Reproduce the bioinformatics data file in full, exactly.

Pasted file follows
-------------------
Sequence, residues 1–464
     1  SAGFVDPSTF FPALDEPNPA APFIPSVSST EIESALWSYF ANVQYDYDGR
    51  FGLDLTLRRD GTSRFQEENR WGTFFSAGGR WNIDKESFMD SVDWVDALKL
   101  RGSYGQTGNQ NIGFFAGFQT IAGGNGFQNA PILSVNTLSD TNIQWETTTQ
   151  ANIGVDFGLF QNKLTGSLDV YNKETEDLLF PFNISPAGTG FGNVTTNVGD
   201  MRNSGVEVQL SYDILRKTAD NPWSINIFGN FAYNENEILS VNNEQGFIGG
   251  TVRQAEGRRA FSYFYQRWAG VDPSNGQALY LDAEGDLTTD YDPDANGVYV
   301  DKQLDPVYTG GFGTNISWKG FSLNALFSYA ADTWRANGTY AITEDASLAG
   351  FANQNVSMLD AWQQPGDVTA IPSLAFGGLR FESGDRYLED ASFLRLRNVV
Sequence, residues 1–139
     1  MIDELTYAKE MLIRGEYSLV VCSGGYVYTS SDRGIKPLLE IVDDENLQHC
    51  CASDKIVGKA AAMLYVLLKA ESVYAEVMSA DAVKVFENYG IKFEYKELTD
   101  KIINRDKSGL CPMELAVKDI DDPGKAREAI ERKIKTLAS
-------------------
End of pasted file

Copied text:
Sequence, residues 1–464
     1  SAGFVDPSTF FPALDEPNPA APFIPSVSST EIESALWSYF ANVQYDYDGR
    51  FGLDLTLRRD GTSRFQEENR WGTFFSAGGR WNIDKESFMD SVDWVDALKL
   101  RGSYGQTGNQ NIGFFAGFQT IAGGNGFQNA PILSVNTLSD TNIQWETTTQ
   151  ANIGVDFGLF QNKLTGSLDV YNKETEDLLF PFNISPAGTG FGNVTTNVGD
   201  MRNSGVEVQL SYDILRKTAD NPWSINIFGN FAYNENEILS VNNEQGFIGG
   251  TVRQAEGRRA FSYFYQRWAG VDPSNGQALY LDAEGDLTTD YDPDANGVYV
   301  DKQLDPVYTG GFGTNISWKG FSLNALFSYA ADTWRANGTY AITEDASLAG
   351  FANQNVSMLD AWQQPGDVTA IPSLAFGGLR FESGDRYLED ASFLRLRNVV
Sequence, residues 1–139
     1  MIDELTYAKE MLIRGEYSLV VCSGGYVYTS SDRGIKPLLE IVDDENLQHC
    51  CASDKIVGKA AAMLYVLLKA ESVYAEVMSA DAVKVFENYG IKFEYKELTD
   101  KIINRDKSGL CPMELAVKDI DDPGKAREAI ERKIKTLAS